St Columba of Iona: A Complicated Legacy

Blessed St. Columba’s Day!

Today we remember the Apostle to Scotland. An involuntary exile from Ireland, Columba arrived in the Scottish kingdom of Dalriada in the 560s and founded a small monastery on the island of Iona, on the then northern border of Dalriada and Pictland, a likely frontier region between the relatively new Scottish dynasty and the Picts. Columba was politically astute, accepted his potentially perilous location and obtained a royal grant from both the Dalriadan king and the dominant Pictish king of the day. Using his political skills, he becomes a kingmaker advancing Aedan mac Gabran to the Dalriadan throne and then using all his skills to advance Aedan’s career for about twenty years, fostering strong ties between his Irish kin, the Ui Neill, and Dalriada and meanwhile evangelizing Pictland perhaps enforced by Aedan’s military successes in eastern Scotland. It is impossible to ignore that Aedan’s military career begins declining with Columba’s death.

Columba’s political skills are undeniable, but they can not be the main focus of his legacy. Columba built an empire to the glory of God. He instilled in his hundreds, if not thousands, of disciples an unwavering commitment to piety, poverty, study, and evangelism. They were the forerunners of the Franciscans, except that they developed their monastic style as a pure adaption of the monastic fathers Martin and Anthony of Egypt; while the Franciscans reached the same spirit as a reforming reaction to the excesses of their day. Francis had to travel to Egypt to find Muslims to attempt to convert. Columba was surrounded by pagans, his mission field was all around him. Columba also took a more sensible attitude toward poverty; his monasteries would be simple and poor, but self-supporting, relying on the staple of Irish income, cattle alone.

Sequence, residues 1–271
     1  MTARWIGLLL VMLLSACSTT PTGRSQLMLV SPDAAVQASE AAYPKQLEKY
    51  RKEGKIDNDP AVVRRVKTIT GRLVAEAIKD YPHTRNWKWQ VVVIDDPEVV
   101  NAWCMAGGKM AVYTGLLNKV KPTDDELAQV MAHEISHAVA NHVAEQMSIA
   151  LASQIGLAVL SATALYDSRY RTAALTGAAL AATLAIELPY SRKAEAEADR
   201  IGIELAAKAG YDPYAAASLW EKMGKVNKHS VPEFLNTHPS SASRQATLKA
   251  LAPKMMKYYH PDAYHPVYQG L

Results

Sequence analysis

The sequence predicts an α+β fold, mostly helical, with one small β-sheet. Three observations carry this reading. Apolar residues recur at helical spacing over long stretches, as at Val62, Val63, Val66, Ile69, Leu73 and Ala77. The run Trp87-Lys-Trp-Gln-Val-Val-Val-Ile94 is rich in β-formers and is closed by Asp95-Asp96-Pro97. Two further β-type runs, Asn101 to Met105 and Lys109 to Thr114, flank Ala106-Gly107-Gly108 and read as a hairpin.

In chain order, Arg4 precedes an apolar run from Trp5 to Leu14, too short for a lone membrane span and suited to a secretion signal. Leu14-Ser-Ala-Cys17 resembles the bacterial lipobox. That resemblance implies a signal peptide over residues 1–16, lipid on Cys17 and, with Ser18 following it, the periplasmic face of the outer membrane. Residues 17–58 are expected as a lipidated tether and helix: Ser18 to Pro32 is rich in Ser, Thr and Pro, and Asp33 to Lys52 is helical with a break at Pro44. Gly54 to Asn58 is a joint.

Unfortunately, Columba’s disciples were not as politically astute as he had been. By comparison, Columba must have been a political prodigy. His disciples were unswervingly loyal to his memory and directions to follow his rule. They stubbornly resisted the growing influence and authority of Rome for about 80 years and in the process lost control of at least 75% of their churches and monasteries beginning with their loss at the Synod of Whitby in 664. In the post-Reformation world, this often appears to be a virtue but that is not how Bede or their other contemporaries saw it. Adomnan understood the price they were paying better than most, and wrote the Life of Columba to attempt to shore up Columba’s reputation, but even he couldn’t convince the wider church of Iona that it was time to accept change and save what they could. Writing some thirty years later, Bede made Columba a scapegoat for Lindisfarne’s fall from political power. He understood that his culture would have viewed their loyalty to Columba as a virtue, so their failures must be Columba’s fault. Too often we forget that being a patron saint can cut both ways, praise while his disciples prosper but criticism — even questioning his sanctity — when they fail, particularly for following their master’s directions. Today, of course, we recognize that Columba can not possibly he held responsible for his disciples response to an issue that didn’t even occur during his lifetime. Interestingly Bede takes pains to separate Columba’s death from Augustine’s arrival at Canturbury in the chronological summary of his History. Its almost as if he must prove that the Roman mission began before Columba’s death, even if they didn’t actually arrive in Britain until afterwards. Could Iona have claimed that Columba’s physical presence in Britain had prevented Rome’s arrival? Clearly Columba’s legacy was still an active issue over 130 years after his death. The legacy of this astutely political abbot has always been tied to politics and rose and fell accordingly.

Today, Columba’s popularity is on the rise again making him co-patron saint of Ireland (with Patrick and Bridget) and one of the most popular saints in Scotland with St Andrew and Margaret. The Episcopal Church remembers Columba with the following collect:

O God, by the preaching of your blessed servant Columba you caused the light of the Gospel to shine in Scotland: Grant, we pray, that, having his life and labors in remembrance, we may show our thankfulness to you by following the example of his zeal and patience; through Jesus Christ our Lord, who lives and reigns with you and the Holy Spirit, one God, for ever and ever. Amen.

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